The Incarnate Lord: A Thomistic Study in Christology
by thomas joseph white, op
catholic university of america press, 552 pages, $65

This closely reasoned and clearly written collection of essays, many of them previously unpublished, presents an invaluable perspective upon many of the crucial issues debated in contemporary Christology. As one would expect, Thomas Joseph White demonstrates an intimate familiarity with the thought of Thomas Aquinas. But he has also read carefully and deeply in modern and contemporary Christologies. His knowledge of Schleiermacher and Barth, Rahner and Schillebeeckx, von Balthasar, Pannenberg, and Moltmann is impressive.

The volume as a whole is exceptionally well-crafted. White helpfully frames the collection with a Prolegomenon (“Is a Modern Thomistic Christology Possible?”) and a Conclusion (“The Promise of Thomism: Why Christology Is Not Primarily a Historical Science”). The project, then, is a “Thomistic Study in Christology,” not a study of St. Thomas’s Christology—though, in following the exposition of the former, one learns a great deal about the latter.

In many ways the individual chapters constitute a series of explorations of quaestiones disputatae in Christology. Among the topics White treats are: “The Ontology of the Hypostatic Union,” “The Necessity of the Beatific Vision in the Earthly Christ,” “The Death of Christ and the Mystery of the Cross,” and “Did Christ Descend into Hell? The Mystery of Holy Saturday.” Each exploration presents, fairly and at length, views contrary to White’s own, before he sets forth his own Thomistic-inspired position.

Significantly, even prior to the Prolegomenon, White provides an introductory essay: “The Biblical Ontology of Christ.” This essay grounds his conviction of the need for ontological reflection in Christology, by indicating how the New Testament itself supports its claims concerning the uniqueness and universality of Jesus Christ with an incipient ontology. The “hypostatic union” of classical Christology finds clear warrant in the Christological hymns of the New Testament. As Pliny famously attested of the early Christians: “They sing hymns to Christ as God.”

White contends that many modern Christologies, by scanting ontological reflection, lack sufficient resources to undergird the New Testament confession of Christ’s uniqueness and its elaboration in the Church’s creedal and conciliar Tradition. Liberal Protestantism, beginning with Schleiermacher, has, in White’s view, tended toward a “Nestorian” Christology. Here the man, Jesus Christ, appears joined to the Eternal Word through a moral attunement of wills. This trend has only accelerated as a result of the growing sensitivity to historical context and cultural diversity. In this regard, though respectful of the legitimate concerns and the speculative richness of Karl Rahner’s theology, White does not exempt Rahner from his critique of a “subtle Nestorianism.”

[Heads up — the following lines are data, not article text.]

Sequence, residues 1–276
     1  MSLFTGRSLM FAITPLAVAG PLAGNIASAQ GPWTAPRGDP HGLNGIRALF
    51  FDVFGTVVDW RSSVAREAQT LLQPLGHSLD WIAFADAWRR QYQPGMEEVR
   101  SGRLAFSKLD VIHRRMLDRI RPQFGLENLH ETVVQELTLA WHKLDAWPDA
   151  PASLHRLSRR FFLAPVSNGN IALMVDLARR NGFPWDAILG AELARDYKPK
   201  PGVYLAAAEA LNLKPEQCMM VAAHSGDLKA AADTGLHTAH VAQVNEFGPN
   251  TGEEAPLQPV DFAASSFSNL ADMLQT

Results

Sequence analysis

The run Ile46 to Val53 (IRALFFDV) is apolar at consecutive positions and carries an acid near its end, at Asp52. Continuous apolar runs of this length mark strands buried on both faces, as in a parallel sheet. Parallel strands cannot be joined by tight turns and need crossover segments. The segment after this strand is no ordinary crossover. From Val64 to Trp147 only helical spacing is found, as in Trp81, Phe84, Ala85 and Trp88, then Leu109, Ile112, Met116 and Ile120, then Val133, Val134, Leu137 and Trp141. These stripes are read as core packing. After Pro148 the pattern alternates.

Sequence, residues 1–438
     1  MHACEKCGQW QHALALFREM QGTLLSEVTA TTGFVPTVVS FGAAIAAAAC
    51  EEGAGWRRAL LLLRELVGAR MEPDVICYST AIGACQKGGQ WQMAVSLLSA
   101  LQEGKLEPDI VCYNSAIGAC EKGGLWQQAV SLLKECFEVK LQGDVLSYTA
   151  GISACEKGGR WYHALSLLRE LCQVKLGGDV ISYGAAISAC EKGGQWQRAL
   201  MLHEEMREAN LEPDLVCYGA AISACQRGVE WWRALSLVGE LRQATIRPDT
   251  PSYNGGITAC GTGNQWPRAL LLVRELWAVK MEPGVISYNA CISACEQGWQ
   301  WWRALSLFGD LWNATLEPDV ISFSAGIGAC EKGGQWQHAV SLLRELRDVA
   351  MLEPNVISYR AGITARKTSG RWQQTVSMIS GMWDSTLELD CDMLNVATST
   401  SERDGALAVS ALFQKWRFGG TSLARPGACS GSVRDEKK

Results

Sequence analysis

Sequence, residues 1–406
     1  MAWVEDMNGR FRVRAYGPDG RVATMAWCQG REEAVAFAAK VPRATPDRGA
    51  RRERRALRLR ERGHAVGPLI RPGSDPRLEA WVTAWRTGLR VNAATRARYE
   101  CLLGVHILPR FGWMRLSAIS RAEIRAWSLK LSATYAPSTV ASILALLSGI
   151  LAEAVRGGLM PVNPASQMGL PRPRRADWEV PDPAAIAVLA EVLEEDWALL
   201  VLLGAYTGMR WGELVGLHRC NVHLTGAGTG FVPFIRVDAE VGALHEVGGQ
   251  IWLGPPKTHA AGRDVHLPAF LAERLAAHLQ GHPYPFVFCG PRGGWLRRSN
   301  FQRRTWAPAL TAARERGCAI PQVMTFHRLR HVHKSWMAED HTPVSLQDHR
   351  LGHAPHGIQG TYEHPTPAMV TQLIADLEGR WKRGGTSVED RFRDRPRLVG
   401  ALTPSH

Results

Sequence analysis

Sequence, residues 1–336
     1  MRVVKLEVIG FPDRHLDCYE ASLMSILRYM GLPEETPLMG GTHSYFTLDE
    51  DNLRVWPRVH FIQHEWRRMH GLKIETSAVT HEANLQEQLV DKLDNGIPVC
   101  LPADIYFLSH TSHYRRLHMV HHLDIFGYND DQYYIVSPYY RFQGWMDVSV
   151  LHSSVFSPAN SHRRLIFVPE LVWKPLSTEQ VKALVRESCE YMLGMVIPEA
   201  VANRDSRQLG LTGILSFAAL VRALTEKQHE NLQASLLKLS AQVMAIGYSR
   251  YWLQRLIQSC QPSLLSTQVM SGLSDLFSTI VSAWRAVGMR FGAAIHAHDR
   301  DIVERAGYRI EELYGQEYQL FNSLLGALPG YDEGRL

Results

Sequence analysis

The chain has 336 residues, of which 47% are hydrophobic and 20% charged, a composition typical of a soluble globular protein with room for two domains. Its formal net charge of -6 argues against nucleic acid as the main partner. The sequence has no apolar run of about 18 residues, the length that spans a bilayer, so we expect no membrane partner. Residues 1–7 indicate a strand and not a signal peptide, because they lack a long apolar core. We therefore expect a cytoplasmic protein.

What is at issue in White’s reflections is whether many modern and contemporary Christologies (a number of which he engages) can support the Tradition’s claim regarding the unique Incarnation of God in Jesus Christ, or whether they fail to rise above a view of Jesus as inspired prophet—a Spirit Christology that begins and remains “below.” Thus, a perfectly valid concern to underscore the full humanity of the Savior can fall short of the Chalcedonian insistence on both “truly God and truly man.”

Suggestively, White holds that Karl Barth’s “high” Christology faces the opposite peril. By espousing a uniquely Christological ontology that excludes any appeal to metaphysics and natural theology, Barth risks compromising Jesus’s humanity and commonality with us. Paradoxically, Barth’s aversion to a metaphysics of the analogy of being results in limiting, not expanding, the scope of Christ’s dominion.

Hence, White insists upon the doctrine of the “hypostatic union” as guarantor of the Tradition’s confession of Christ’s uniqueness—as well as upon the legitimacy, indeed the necessity, of reason’s probing of the essential traits of human nature, notwithstanding the deformation wrought by the Fall. Throughout the book, the Catholic celebration of fides et ratio is on full display.

Avowedly, White’s is an exercise in “speculative theology.” In this regard, it is exemplary: a feasting in the company of Thomas the systematician. However, this reviewer would also have appreciated a morning collation with Thomas the magister sacrae paginae, showing the Scriptural and liturgical matrix of the Church’s doctrine. When White writes, “In some real sense it is true to say: ignorance of ontology is ignorance of Christ,” one appreciates his meaning in the context of his valid concerns. But his assertion would certainly have confounded the usually voluble Jerome!

White is alert to “the dangers of an all-too-conceptual or reified vision of the person of Christ that is insufficiently sensitive to the biblical historical life of Jesus of Nazareth as it is portrayed in the Gospel.” But at times, in this discerning and demanding study, the shining face of the Savior can appear clouded by the sheer intensity of metaphysical speculation. Nonetheless, the book provides excellent material for a doctoral seminar in Christology, compelling both instructor and students to come to grips with their own positions, and the spiritual and pastoral implications of those positions, in this most crucial of theological disciplines.

Father Robert Imbelli, a priest of the Archdiocese of New York, is associate professor emeritus at Boston College and the author of Rekindling the Christic Imagination (Liturgical Press).

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